Rochester, N.H.

In this morning’s debate on NBC, Rick Santorum questioned Mitt Romney’s decision not to run for reelection when he was governor of Massachusetts. That year, 2006, was a terrible one for Republicans nationwide, including Santorum, who lost his Senate seat in Pennsylvania by 18 points.

“Well, if his record was so great as governor of Massachusetts why didn't he run for reelection?” Santorum asked. “I mean if you didn't want to even stand before the people of Massachusetts and run on your record--if it was that great, why did you bail out?”

Later in the day, as he left a rally at the Rochester Opera House, I asked Romney why he didn’t run for reelection in 2006 and if he had been concerned about winning reelection in a tough environment.

“I gave you the answer in the debate,” Romney said, before a staff member told me he wouldn’t be taking any more questions.

So what exactly did Romney say in the debate? Here was his response to Santorum’s question:

I think it's unusual, and perhaps understandable, that people who spend their life in politics imagine that if you get in politics that that's all you want to do. That if you've been elected to something, well, you want to get reelected and reelected. I went to Massachusetts to make it different. I didn't go there to begin a political career, running time and time again. I made a difference. I put in place the things I wanted to do. I listed out the accomplishments we wanted to pursue in our administration. There were 100 things we wanted to do. Those things I pursued aggressively. Some we won. Some we didn't. Run again? That would be about me. I was trying to help get the state in best shape as I possibly could. Left the world of politics, went back into business.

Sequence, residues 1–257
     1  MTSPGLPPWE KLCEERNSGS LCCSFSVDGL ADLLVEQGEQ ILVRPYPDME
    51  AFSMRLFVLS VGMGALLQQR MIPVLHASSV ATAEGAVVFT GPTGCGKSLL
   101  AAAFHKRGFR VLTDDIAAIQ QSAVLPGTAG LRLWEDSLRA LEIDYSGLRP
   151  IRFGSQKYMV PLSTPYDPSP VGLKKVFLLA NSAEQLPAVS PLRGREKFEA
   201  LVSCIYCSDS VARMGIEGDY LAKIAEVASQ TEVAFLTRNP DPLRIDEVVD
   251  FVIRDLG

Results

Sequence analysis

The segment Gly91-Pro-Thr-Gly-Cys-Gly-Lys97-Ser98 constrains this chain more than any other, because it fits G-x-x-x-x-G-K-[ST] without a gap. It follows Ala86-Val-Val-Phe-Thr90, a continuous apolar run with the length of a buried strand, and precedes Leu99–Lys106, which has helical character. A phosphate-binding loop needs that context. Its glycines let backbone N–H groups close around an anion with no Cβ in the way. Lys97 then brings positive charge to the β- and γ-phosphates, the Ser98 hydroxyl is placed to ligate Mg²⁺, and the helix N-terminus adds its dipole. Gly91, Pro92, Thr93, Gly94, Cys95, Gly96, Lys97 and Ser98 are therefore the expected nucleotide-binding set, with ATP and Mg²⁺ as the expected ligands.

Had Romney accomplished the majority of the “100 things [he] wanted to do” in office, or enough of them to be satisfied? Had he decided, at that point, to run for president in 2008 and that the best way to do that would be outside the governor’s mansion in Boston? Or had Romney looked at the poll numbers, which were declining throughout the second half of his term (he was spending a lot of time in Iowa and New Hampshire around then), and concluded that he couldn’t win reelection against a popular Democrat? The answers are not clear.

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